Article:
The Stepkids’ eponymous 2011 debut promised great things for the Connecticut psych-pop trio with a wealth of sun-drenched harmonies and cute stylistic nods to cult favourites such as The Free Design and Fela Kuti. This second album finds the band further developing their vision and creating another stellar collection of impeccably crafted melodies.
Featuring a similar merry-go- round of styles and influences augmented by prime musicianship, the musical focus has shifted forward a decade or two, with meatier production abetting a warmer sound. The Lottery exemplifies this new direction with the Steely Dan affectations of its chorus and complex time structures characterising a jazz-rock aesthetic, while Moving Pictures finds the band acting out their Prince fantasies with high-pitched squeals and ultra-funky guitar. Thankfully, the three-part harmonies and irresistible melodies that lit up the debut remain ever present, exemplified here on both Memoirs Of Grey and Sweet Salvation.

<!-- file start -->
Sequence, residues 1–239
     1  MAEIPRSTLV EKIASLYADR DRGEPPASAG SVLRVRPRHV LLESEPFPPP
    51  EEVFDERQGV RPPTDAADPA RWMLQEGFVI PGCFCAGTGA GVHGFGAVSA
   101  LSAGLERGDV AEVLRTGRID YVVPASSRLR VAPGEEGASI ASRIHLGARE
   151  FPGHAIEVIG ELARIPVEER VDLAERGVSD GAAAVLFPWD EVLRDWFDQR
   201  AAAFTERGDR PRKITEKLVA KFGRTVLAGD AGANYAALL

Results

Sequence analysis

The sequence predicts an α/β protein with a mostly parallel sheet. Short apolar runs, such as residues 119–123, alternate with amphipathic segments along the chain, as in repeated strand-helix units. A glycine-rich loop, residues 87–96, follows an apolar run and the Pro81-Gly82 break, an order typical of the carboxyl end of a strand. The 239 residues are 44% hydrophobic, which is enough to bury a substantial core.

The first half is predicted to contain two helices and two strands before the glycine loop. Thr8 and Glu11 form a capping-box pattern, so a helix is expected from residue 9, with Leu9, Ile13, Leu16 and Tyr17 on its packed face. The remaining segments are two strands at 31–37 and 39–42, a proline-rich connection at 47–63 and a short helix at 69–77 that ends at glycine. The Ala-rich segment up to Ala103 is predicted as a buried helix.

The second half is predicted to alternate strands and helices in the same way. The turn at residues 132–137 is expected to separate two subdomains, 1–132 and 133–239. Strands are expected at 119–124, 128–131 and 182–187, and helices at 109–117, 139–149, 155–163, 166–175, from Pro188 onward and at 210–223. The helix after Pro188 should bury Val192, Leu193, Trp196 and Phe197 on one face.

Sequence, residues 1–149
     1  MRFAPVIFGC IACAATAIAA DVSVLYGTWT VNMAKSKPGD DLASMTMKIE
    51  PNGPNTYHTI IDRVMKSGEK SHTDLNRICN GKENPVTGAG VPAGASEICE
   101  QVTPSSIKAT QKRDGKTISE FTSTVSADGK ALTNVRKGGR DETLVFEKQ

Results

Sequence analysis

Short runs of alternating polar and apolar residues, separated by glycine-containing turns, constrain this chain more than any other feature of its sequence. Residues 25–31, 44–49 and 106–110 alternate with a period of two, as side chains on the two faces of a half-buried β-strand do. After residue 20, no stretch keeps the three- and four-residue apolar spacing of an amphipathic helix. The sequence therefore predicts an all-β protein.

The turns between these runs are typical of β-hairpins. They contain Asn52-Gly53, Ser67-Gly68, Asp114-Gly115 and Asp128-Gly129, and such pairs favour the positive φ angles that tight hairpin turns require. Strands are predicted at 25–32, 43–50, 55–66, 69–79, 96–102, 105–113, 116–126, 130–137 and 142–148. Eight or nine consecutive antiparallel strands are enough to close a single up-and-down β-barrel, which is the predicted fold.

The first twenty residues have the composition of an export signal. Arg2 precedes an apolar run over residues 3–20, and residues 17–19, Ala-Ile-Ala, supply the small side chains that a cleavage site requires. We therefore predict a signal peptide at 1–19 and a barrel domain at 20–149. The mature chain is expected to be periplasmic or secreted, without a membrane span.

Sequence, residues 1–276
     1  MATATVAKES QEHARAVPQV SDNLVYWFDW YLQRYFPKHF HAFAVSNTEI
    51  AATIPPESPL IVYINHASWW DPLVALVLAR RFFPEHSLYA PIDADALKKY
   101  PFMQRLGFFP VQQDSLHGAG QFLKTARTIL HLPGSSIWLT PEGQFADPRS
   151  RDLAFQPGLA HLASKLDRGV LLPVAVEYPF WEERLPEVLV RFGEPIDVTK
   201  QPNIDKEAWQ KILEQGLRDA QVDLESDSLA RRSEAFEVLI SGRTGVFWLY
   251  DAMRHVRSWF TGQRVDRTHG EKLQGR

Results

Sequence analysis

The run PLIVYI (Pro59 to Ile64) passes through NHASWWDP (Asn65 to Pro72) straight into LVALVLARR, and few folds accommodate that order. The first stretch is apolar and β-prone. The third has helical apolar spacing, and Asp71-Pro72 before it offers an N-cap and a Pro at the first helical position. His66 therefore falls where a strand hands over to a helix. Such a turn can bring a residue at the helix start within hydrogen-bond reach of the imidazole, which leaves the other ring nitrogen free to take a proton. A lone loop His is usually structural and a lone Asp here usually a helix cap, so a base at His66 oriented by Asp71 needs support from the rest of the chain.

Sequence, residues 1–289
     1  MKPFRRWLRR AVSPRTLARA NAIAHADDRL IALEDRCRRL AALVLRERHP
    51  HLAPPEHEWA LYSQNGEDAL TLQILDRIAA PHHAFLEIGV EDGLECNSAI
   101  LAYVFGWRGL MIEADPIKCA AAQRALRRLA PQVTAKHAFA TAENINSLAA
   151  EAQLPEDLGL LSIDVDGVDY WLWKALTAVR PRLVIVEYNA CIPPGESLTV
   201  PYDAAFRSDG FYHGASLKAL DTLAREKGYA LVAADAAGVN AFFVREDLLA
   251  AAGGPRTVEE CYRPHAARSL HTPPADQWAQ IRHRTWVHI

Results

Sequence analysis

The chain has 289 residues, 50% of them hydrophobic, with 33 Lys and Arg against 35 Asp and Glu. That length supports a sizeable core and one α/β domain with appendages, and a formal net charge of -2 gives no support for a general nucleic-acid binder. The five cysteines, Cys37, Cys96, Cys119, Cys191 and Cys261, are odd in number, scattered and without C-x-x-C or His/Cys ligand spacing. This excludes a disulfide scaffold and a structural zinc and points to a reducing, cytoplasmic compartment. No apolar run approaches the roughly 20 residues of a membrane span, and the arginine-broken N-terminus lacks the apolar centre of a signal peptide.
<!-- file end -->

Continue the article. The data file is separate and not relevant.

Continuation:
It’s doesn’t all work. Bitter Bug strikes a bum note with its self-consciously quirky take on rock, and there’s the occasional sense that the transparency of influences belie a band yet to find its own distinctive voice. But when the music sounds this good, who cares?